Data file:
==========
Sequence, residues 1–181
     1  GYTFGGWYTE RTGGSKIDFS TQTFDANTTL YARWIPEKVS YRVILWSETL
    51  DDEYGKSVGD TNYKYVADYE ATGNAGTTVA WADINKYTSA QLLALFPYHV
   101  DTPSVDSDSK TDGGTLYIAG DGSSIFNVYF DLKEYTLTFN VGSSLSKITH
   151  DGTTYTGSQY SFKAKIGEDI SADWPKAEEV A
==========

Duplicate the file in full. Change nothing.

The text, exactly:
Sequence, residues 1–181
     1  GYTFGGWYTE RTGGSKIDFS TQTFDANTTL YARWIPEKVS YRVILWSETL
    51  DDEYGKSVGD TNYKYVADYE ATGNAGTTVA WADINKYTSA QLLALFPYHV
   101  DTPSVDSDSK TDGGTLYIAG DGSSIFNVYF DLKEYTLTFN VGSSLSKITH
   151  DGTTYTGSQY SFKAKIGEDI SADWPKAEEV A